DRUG INTERACTIONS: See also the How to Use section.Drug interactions may change how your medications work or increase your risk for serious side effects. This document does not contain all possible drug interactions. Keep a list of all the products you use (including prescription/nonprescription drugs and herbal products) and share it with your doctor and pharmacist. Do not start, stop, or change the dosage of any medicines without your doctor's approval.Some products that may interact with this drug include: birth control pills, caspofungin, coal tar, ezetimibe, sulfinpyrazone, tacrolimus, temsirolimus, terbinafine, other drugs that weaken the immune system/increase the risk of infection (such as natalizumab, rituximab, tofacitinib), drugs that worsen kidney problems (e.g., acyclovir, aminoglycoside antibiotics including tobramycin; amphotericin B; colchicine; fibrates including fenofibrate; melphalan; NSAIDs including diclofenac and sulindac; ranitidine; sulfa drugs including sulfamethoxazole; vancomycin), drugs that may increase potassium levels (e.g., ACE inhibitors including lisinopril, ARBs including losartan, potassium supplements, "water pills" including amiloride, spironolactone).Other medications can affect the removal of cyclosporine from your body, which may affect how cyclosporine works. Examples include allopurinol, amiodarone, azole antifungals including fluconazole, barbiturates including phenobarbital, boceprevir, bosentan, bromocriptine, calcium channel blockers including diltiazem/nifedipine/verapamil, cimetidine, HIV protease inhibitors including indinavir, imatinib, certain man-made male hormones such as danazol/methyltestosterone, methylprednisolone, metoclopramide, metronidazole, mifepristone, nafcillin, nefazodone, octreotide, orlistat, quinupristin/dalfopristin, rifamycins including rifampin/rifabutin, certain anti-seizure drugs including carbamazepine/phenytoin, St. John's wort, telaprevir, ticlopidine, among others.This medication can slow down the removal of other medications from your body, which may affect how they work. Examples of affected drugs include aliskiren, ambrisentan, digoxin, dronedarone, etoposide, repaglinide, tolterodine, statins (such as atorvastatin, lovastatin, pitavastatin, rosuvastatin, simvastatin), other immunosuppressants (such as azathioprine, methotrexate, sirolimus), among others.Do not use potassium-containing salt substitutes while taking this medication. Consult your doctor or pharmacist for more information.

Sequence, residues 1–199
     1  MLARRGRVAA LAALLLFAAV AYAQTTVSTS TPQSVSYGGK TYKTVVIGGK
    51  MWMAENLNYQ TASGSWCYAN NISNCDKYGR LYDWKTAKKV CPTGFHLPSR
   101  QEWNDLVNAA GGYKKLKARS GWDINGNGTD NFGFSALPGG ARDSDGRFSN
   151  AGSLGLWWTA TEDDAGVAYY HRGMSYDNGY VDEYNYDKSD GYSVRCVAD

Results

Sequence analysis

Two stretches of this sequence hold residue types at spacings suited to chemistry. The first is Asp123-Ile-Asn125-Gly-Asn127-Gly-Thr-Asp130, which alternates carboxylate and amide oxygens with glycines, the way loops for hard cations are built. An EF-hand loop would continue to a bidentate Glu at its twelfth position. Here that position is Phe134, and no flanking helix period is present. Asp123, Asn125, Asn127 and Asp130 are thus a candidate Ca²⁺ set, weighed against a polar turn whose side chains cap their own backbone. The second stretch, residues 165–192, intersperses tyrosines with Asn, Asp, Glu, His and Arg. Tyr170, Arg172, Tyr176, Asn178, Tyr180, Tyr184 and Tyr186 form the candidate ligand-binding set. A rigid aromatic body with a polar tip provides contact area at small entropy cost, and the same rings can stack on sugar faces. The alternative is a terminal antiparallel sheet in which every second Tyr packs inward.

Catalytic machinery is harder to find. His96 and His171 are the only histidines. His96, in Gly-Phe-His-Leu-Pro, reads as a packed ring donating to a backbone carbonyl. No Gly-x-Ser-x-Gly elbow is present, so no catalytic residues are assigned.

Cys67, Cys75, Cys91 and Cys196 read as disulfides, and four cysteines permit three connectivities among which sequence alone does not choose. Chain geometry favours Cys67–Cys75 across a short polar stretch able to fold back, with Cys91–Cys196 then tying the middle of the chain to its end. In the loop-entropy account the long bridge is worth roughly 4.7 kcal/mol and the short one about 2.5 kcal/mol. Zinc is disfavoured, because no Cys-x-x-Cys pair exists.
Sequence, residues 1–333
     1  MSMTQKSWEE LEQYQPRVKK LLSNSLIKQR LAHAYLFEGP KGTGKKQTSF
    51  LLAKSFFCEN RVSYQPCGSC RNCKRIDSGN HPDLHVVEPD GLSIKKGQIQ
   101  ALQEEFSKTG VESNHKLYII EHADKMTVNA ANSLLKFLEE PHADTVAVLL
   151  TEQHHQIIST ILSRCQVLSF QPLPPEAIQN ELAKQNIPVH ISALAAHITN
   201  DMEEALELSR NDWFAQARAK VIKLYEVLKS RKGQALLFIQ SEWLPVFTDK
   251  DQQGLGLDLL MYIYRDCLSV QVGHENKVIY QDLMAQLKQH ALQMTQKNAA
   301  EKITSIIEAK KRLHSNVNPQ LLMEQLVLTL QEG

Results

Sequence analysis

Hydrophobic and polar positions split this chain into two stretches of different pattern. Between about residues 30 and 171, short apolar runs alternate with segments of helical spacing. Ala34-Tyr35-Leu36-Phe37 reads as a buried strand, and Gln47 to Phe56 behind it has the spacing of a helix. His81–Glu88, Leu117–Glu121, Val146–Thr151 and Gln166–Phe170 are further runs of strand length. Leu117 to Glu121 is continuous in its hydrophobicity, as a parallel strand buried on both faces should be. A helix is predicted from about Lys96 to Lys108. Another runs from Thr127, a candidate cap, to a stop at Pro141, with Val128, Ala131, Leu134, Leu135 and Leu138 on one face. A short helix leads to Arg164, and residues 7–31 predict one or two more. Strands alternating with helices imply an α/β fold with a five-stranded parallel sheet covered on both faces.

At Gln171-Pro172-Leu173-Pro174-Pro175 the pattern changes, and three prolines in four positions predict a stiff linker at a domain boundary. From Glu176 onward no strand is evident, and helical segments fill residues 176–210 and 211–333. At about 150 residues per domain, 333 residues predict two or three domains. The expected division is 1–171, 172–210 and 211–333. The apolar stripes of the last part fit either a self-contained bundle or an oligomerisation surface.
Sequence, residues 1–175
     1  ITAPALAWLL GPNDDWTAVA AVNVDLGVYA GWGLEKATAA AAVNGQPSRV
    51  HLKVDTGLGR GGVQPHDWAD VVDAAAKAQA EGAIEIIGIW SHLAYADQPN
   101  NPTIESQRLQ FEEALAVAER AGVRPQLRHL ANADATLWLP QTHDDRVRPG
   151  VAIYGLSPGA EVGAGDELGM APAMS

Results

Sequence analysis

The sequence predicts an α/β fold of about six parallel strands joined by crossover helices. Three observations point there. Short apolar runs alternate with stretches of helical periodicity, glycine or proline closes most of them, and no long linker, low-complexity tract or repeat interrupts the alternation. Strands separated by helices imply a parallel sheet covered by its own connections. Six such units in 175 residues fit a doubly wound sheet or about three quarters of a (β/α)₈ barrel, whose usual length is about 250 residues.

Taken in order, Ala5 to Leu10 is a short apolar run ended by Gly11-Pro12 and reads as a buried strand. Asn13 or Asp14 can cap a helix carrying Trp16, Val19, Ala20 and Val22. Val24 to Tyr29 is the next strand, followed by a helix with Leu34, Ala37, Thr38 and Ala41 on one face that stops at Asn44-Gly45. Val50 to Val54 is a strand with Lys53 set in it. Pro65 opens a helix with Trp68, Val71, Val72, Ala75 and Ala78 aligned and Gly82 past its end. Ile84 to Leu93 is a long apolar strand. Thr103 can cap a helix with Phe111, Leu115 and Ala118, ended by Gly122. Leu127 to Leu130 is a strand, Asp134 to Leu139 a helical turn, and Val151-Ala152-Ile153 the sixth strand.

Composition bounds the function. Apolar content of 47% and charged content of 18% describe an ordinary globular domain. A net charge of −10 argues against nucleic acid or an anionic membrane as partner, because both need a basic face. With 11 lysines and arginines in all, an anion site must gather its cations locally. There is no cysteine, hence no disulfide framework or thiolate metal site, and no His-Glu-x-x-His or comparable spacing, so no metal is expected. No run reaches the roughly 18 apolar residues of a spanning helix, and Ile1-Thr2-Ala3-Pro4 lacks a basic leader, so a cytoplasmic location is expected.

Quick GuidePsoriasis Types, Images, Treatments